Solved: riddle of the moa's mortality

One of the largest birds to ever live became extinct because it grew too slowly to sustain a viable population after the arrival of Polynesian hunters in New Zealand 700 years ago.

One of the largest birds to ever live became extinct because it grew too slowly to sustain a viable population after the arrival of Polynesian hunters in New Zealand 700 years ago.

The giant moa - which grew to nearly seven feet tall and weighed a quarter of a ton - took at least 10 years to grow to its full size, making it the slowest growing bird on record. This made it incapable of replacing its breeding population quickly enough to withstand the arrival of Maori hunters in New Zealand in about 1300, scientists said yesterday.

Moa, first identified from a bone fragment by Richard Owen in 1839, are known to have become extinct within a couple of centuries of the Maoris' arrival. Now scientists believe they have found out why - moa just took too long to grow up.

All birds alive today reach full size within a year or so, and sexual maturity soon after. But the moa was an exception to this avian rule, said Samuel Turvey of the Zoological Society of London's Institute of Zoology.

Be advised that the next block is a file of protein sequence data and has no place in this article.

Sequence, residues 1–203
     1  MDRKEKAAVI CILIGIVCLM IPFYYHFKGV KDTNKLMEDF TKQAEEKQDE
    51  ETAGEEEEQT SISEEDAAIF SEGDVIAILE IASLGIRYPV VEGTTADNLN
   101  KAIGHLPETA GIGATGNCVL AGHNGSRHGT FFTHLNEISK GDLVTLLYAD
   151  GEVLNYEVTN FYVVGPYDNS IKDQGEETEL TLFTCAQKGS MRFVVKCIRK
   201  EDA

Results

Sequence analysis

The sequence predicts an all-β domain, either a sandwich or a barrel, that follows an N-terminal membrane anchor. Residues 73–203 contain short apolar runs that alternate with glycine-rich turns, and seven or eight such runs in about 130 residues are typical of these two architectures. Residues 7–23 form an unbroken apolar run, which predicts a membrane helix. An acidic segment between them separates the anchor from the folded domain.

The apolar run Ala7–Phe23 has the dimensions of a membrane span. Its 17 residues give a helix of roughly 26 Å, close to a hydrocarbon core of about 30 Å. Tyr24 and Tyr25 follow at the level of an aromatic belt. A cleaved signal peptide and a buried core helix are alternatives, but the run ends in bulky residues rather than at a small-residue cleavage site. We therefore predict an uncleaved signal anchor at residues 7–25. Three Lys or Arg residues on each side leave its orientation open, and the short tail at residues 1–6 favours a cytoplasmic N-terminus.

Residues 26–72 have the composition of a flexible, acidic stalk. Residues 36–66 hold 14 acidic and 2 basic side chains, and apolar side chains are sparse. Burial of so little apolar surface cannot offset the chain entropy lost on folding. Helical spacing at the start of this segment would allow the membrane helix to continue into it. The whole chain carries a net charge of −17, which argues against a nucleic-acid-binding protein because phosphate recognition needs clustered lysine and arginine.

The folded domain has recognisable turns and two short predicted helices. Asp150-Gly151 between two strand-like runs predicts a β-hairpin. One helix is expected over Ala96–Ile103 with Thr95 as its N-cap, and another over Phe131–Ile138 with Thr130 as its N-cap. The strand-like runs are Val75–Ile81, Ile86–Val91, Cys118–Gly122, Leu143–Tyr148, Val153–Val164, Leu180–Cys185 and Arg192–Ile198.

An analysis of the bones of the flightless giant moa, published in the journal Nature, shows concentric rings that represent the annual growth spurts during summers, Dr Turvey said.

"Previously we thought that all birds grew quickly, reaching maturity in about a year. Moa lived on an island without any mammalian predators and this made them unique," he said. "It enabled them to grow slowly over a long period of time. But it also made them vulnerable to humans."

Growth rings are seen in many slow-growing vertebrate animals but not in birds, other than the moa. There were about 10 different species with the two largest species growing to be as big as buffalo.

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